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Prepping Short Ribs

post #1 of 12
Thread Starter 

Always wondered this....

 

Beef short ribs, English cut (not flanken). Anytime I braise or cook them, they come out fantastic, except for the membrane that holds the meat to the bone. If you looked at it in profile, along the bone, you'd see all the meat sitting proud on top of the bone. But, there's this rubbery membrane that wraps around the bone to hold it together, which never cooks away for me, is fantastically unappetizing, et cetera.

 

Is this usually cut off as part of preparing the braise (and if so, what holds the meat to the bone)? Or is this taken off afterwards when plating? Or, entirely possible, am I just doing it wrong?

 

Thanks!

post #2 of 12

Hi Mike,

 

Can't believe your question's gone begging for so long.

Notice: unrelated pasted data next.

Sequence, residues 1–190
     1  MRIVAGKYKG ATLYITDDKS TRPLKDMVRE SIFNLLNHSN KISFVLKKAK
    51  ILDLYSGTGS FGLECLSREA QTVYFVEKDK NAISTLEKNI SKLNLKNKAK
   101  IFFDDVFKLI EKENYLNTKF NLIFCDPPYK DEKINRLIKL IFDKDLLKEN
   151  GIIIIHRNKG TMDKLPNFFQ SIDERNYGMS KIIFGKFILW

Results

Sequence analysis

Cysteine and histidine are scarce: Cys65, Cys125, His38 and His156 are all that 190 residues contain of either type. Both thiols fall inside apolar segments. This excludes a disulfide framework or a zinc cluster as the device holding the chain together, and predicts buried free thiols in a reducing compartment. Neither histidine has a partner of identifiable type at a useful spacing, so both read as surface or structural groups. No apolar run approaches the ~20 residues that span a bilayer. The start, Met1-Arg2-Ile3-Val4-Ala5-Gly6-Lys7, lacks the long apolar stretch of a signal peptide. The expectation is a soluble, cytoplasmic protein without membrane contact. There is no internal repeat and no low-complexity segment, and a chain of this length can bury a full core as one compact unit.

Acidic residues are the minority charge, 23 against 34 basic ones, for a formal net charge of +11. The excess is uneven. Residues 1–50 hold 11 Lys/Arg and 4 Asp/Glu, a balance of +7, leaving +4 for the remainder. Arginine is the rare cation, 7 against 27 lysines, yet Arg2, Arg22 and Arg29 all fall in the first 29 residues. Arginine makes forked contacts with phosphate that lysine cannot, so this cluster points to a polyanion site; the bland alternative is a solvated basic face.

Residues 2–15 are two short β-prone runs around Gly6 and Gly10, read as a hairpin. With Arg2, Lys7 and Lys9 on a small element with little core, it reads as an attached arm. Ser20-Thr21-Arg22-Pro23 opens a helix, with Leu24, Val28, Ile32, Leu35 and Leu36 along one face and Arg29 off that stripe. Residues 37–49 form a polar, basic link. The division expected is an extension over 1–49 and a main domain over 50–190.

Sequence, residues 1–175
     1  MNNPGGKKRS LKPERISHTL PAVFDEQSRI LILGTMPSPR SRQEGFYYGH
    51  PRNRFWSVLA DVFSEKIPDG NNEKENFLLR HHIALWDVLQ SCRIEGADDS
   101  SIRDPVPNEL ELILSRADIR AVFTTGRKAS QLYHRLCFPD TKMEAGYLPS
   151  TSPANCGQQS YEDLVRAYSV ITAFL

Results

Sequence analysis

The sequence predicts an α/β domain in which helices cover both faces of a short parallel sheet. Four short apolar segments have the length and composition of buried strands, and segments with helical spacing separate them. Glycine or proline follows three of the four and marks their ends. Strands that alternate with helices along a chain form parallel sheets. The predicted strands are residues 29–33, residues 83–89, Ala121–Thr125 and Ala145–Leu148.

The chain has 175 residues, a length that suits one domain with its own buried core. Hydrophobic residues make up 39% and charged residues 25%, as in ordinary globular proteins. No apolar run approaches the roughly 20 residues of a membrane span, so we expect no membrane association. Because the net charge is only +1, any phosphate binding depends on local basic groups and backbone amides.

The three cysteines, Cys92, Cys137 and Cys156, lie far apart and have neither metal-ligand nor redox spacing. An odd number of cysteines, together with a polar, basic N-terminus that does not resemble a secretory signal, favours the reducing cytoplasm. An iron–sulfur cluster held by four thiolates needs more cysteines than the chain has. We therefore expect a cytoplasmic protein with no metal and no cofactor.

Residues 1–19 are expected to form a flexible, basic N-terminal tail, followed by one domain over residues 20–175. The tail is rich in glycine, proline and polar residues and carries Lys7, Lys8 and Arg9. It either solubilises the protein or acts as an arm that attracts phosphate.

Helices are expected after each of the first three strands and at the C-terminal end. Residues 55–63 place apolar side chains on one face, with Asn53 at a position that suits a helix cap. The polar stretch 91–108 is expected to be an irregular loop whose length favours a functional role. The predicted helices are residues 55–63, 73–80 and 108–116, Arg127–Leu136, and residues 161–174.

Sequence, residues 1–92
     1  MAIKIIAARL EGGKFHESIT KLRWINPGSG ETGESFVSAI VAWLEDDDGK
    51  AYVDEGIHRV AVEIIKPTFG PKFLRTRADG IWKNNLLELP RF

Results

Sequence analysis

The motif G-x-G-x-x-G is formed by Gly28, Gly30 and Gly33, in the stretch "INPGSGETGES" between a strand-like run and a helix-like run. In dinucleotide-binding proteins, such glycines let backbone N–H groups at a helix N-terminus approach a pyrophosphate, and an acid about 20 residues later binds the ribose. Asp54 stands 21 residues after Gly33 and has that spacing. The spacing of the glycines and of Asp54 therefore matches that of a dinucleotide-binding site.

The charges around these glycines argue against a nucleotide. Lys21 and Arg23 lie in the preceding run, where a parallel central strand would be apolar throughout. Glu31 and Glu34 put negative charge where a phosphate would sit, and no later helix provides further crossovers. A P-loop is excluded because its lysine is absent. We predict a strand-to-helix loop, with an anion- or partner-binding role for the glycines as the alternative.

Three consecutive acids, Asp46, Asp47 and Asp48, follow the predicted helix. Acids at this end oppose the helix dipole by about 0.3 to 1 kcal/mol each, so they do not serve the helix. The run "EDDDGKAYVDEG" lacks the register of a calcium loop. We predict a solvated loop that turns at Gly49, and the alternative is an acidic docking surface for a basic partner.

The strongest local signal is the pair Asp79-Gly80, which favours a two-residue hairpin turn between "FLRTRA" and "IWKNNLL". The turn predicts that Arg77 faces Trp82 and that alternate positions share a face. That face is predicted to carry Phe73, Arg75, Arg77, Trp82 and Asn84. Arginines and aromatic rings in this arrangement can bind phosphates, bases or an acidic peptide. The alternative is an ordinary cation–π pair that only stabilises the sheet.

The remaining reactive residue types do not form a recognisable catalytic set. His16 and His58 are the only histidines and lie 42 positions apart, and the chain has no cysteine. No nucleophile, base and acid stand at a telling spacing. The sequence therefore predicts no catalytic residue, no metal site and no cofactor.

The deal with the connective membrane:  You either trim the meat from the membrane or live with it.  As far as I know there's no cooking method which will dissolve it.

 

It seems lke most of the butchers around here consider boneless shortribs a "Korean" cut. 

 

BDL

post #3 of 12

Interesting. I always thought of the Korean cut as roll-cutting the meat about a quarter inch thick to form a long ribbon. Bone can be either left on or not.

They have taken the oath of the brother in blood, in leavened bread and salt. Rudyard Kipling
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They have taken the oath of the brother in blood, in leavened bread and salt. Rudyard Kipling
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post #4 of 12

Perhaps the Southern-California Korean community is different from Kentucky's.  Here, bone-out short ribs are commonly sold in markets in Korean neighborhoods, but not much anywhere else.  YMMV.

 

FWIW, Koreans here refer to thin, flanken-cut as "L. A. galbi."

 

BDL


Edited by boar_d_laze - 7/3/10 at 9:33am
post #5 of 12

Call me sick, but I like slathering the membrane with a high sugar sauce, caramelizing, then chowing down.